Two other key foci of the Foundation are to enhance the performance of the international community in crisis management through ICT and develop templates for ICT, media and communications in conflict management. From 2007 – 2008, key partners in ICT4Peace will work with the United Nations, bilateral and multilateral donors, international NGOs, civil society organizations, academia and Universities as well as global business to establish ICT4Peace as integral to their approach to and understanding of crisis management. ICT4Peace will establish broad principles derived from operational best practices, integrate them into UN processes and make ICT part of UN evaluation exercises.

For more details on ICT4Peace and the Foundation’s work, please read our mission statement – The Foundation also has a growing library of content related to ICT4Peace and a list of events that can be accessed through its library and events database respectively. Please visit our website for more information –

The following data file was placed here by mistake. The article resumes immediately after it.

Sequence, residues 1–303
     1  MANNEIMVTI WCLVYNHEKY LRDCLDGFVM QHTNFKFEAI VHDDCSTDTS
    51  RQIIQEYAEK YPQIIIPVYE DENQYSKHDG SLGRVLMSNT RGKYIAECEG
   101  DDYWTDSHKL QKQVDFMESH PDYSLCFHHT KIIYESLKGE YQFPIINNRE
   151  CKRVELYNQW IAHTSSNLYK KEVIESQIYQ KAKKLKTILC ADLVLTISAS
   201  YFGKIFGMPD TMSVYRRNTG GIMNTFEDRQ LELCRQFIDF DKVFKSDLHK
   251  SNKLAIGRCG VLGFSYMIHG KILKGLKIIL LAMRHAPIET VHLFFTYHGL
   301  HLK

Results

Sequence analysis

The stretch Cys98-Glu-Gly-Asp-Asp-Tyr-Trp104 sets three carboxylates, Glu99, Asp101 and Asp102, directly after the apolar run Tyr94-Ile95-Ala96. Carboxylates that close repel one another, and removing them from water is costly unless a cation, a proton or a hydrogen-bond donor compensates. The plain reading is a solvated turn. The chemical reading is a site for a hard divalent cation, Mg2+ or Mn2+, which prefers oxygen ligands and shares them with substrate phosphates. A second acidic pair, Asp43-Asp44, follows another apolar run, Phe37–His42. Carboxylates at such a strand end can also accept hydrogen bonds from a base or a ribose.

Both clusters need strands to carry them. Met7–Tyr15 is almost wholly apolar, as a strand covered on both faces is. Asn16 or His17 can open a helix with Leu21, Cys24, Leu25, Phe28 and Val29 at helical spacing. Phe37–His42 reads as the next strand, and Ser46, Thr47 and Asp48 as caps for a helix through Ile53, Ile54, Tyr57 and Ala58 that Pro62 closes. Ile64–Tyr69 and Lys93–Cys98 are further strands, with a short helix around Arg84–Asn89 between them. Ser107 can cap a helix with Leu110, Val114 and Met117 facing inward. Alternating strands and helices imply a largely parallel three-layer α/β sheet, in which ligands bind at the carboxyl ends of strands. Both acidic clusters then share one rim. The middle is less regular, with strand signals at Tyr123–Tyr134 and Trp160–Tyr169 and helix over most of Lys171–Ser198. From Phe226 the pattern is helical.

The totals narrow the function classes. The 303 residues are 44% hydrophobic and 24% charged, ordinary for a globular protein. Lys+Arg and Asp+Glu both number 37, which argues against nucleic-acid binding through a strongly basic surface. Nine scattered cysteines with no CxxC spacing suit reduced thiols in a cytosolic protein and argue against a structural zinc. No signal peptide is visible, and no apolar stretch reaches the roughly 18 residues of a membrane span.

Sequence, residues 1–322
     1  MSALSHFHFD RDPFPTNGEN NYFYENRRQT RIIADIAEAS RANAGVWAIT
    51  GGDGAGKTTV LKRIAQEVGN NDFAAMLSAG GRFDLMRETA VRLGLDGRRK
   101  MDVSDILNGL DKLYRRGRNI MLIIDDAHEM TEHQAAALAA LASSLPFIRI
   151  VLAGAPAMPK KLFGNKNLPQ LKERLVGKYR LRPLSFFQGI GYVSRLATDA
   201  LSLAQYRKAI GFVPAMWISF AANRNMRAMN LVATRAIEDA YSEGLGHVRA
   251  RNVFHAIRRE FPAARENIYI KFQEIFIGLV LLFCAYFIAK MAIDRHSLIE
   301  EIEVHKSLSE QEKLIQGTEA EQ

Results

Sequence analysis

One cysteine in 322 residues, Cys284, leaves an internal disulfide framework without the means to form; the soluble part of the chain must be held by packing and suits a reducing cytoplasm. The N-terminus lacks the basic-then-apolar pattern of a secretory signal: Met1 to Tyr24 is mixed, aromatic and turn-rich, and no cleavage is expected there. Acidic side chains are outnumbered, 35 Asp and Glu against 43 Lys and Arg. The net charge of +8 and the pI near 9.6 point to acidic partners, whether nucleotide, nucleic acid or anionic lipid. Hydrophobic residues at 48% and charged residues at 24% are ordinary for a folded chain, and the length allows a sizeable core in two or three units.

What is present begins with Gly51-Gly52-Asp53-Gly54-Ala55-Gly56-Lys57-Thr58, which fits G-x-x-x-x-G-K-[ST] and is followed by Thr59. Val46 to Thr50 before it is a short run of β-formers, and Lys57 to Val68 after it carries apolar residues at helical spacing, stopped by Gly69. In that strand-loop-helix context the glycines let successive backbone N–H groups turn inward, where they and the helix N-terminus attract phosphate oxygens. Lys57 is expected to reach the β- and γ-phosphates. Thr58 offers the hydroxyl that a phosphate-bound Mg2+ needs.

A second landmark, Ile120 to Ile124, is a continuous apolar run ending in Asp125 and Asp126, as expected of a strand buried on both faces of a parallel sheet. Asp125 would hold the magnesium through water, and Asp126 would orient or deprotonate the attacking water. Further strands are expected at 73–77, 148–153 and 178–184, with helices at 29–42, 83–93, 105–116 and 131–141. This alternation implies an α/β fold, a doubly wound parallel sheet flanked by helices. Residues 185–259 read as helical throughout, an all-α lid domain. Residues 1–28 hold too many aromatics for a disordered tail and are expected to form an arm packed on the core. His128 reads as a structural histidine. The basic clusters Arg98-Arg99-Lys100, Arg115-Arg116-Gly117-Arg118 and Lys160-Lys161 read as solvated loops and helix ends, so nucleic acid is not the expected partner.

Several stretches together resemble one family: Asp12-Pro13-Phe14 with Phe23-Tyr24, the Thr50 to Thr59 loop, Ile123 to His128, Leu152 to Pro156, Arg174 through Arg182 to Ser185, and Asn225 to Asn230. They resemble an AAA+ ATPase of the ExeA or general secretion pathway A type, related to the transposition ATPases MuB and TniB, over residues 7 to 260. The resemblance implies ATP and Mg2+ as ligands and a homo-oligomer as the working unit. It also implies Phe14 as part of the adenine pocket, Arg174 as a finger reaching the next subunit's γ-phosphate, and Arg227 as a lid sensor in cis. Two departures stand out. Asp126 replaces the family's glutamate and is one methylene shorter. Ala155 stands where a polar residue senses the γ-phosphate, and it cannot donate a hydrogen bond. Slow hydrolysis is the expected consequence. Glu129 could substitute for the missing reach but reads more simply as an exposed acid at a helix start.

We encourage you to get in touch with the Foundation with details of your work and to find out more about the ICT4Peace process. Please email Mr. Daniel Stauffacher, Chairman of the ICT4Peace Foundation, at

Technology, Context and Culture – The gap between intention and reality

The New York Times today has a story written by a mother trying to keep tabs on her family’s activities. Her travails with online calendering, group (in this case, her family) scheduling and information sharing are deeply resonant to anyone who has experienced the very same challenges in humanitarian aid and peacebuilding contexts.

Michelle finds that the best solutions in the web fail to convince her family to share information. Each member has a different priority and little time to learn or share information with no reciprocal gain. It is only when the hint of an unpleasant family meeting is mooted that everyone rushes to share information, but then too in a haphazard fashion that overwhelmed the system with information not really central to the outcome desired.

Any of this sound familiar? The author’s solution is a revealing lesson for those who design systems for complex humanitarian aid and peacebuilding processes.

Read more here.

Impact of technology on humanitarian work